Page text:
Nvidia has just released new Graphics Processing Unit (AKA dedicated graphic card) drivers across the board. News of this release has been well documented across the net, mainly because of the vulnerability/exploit concerns. However, it now appears that the story has been sensationalized somewhat and the security issue is not considered overly serious. The vulnerability was first brought to light by UK researcher Peter Winter-Smith who posted details on Pastebin. Following a flurry of articles which have tended to overstate the situation, Mr Winter-Smith has since re-asserted his initial stance that, given the conditions under which the exploit would have to be carried out, the issue was not particularly severe:
An attacker would only be able to successfully exploit the vulnerability if they were on a machine in the same domain and firewall rules were severely relaxed, or file sharing were turned on. With local access, an attacker could elevate their privileges to root, or if the above conditions were met, could gain remote access from the same domain. I’ve (fortunately) not heard of any reports of this issue being exploited in the wild; I didn’t anticipate that I would, given the constraints on the attack vector.
Even though the vulnerability is not considered to be particularly critical, the Nvidia driver update does include a patch which fixes the security flaw. The new drivers also enhance game play for certain titles:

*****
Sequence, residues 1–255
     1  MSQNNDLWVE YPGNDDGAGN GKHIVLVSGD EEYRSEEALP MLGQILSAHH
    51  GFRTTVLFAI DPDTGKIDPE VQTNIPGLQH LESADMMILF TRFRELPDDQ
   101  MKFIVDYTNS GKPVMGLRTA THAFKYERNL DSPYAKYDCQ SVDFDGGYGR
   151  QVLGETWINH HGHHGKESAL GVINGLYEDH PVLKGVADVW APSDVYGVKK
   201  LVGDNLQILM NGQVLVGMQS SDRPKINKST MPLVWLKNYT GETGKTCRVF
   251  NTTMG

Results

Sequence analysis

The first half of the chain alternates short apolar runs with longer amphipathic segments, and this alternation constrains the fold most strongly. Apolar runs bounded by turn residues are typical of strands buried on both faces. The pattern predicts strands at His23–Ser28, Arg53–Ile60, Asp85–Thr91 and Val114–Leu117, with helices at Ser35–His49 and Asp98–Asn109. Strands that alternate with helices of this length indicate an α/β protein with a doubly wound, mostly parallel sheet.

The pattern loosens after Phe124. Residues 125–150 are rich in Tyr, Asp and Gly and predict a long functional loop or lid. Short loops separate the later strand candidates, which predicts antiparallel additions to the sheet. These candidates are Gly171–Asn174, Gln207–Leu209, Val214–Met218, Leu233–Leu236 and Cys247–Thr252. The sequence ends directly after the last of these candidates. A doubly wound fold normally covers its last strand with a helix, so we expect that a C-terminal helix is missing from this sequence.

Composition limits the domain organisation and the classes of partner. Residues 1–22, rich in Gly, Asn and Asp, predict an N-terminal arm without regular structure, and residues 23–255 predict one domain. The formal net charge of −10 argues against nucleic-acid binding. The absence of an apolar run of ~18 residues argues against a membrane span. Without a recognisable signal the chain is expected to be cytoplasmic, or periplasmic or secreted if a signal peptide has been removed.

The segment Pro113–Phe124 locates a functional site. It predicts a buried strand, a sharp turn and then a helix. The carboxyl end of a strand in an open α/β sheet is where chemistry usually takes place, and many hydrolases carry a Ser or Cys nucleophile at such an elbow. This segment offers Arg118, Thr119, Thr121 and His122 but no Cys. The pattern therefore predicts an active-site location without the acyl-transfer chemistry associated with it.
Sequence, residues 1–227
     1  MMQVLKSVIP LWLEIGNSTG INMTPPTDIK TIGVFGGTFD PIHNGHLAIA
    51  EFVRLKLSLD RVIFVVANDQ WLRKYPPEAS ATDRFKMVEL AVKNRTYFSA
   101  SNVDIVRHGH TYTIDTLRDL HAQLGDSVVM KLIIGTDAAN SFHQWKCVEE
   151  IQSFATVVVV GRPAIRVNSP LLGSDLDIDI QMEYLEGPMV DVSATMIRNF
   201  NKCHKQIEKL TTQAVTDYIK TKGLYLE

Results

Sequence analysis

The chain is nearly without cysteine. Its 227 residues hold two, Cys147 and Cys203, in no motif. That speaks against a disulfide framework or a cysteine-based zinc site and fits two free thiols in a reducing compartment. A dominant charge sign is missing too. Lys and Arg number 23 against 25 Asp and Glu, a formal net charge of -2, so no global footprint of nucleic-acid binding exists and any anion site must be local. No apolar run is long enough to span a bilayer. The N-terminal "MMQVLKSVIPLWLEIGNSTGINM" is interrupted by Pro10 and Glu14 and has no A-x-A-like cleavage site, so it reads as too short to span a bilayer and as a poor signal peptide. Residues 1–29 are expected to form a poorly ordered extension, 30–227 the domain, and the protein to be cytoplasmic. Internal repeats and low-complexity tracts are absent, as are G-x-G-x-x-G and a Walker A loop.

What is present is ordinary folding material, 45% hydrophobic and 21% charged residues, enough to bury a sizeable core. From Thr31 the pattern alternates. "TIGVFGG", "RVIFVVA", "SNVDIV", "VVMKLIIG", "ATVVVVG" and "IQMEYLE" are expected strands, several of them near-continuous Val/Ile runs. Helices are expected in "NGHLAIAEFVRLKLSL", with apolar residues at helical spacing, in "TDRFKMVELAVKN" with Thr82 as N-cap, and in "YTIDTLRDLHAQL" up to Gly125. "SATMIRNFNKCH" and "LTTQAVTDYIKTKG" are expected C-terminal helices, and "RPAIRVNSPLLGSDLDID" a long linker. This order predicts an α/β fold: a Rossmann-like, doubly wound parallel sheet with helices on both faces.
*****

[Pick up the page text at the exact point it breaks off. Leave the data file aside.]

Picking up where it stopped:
What does this mean for you?
In layman’s terms; the vulnerability, as reported by Mr. Winter-Smith, can only be exploited locally… from a hands on position, and not remotely. This means that for the individual home user it presents a very low level of risk.
As far as drivers are concerned, I’m a great believer in the common adage… ‘if it isn’t broken, it doesn’t need fixing’, and I’m certainly no game player. That said, I’ll probably update my Nvidia graphic card driver at some time with this new version.
If you’re concerned at all about the security aspect or if you’re a game player who’d appreciate the enhancements, you can download the latest driver from the manufacturer’s website here: http://www.geforce.com/drivers
As you can see from the above screenshot, the page includes a tool which will scan your hardware and identify the correct driver for you:
NVIDIA GPU Reader is a web-based applet that identifies your GPU and finds the latest graphics driver for your GPU. A small Java Applet is downloaded the first time you run the service. This Java Applet only looks at and verifies your system components when you instruct it to do so from the website. This system information is then used to determine the best driver for your GPU.
However, if you’re not entirely happy downloading the applet and/or allowing the scan, you can easily identify your Nvidia card model via Device Manager:
In Windows 7:
- Click on Start, then right click Computer and select Manage
- In the ‘Computer Management’ window, click on Device Manager (in the left hand panel)
- Look down the list for Display adapters and expand that entry
Armed with that information you can now use the manual system to access your new driver.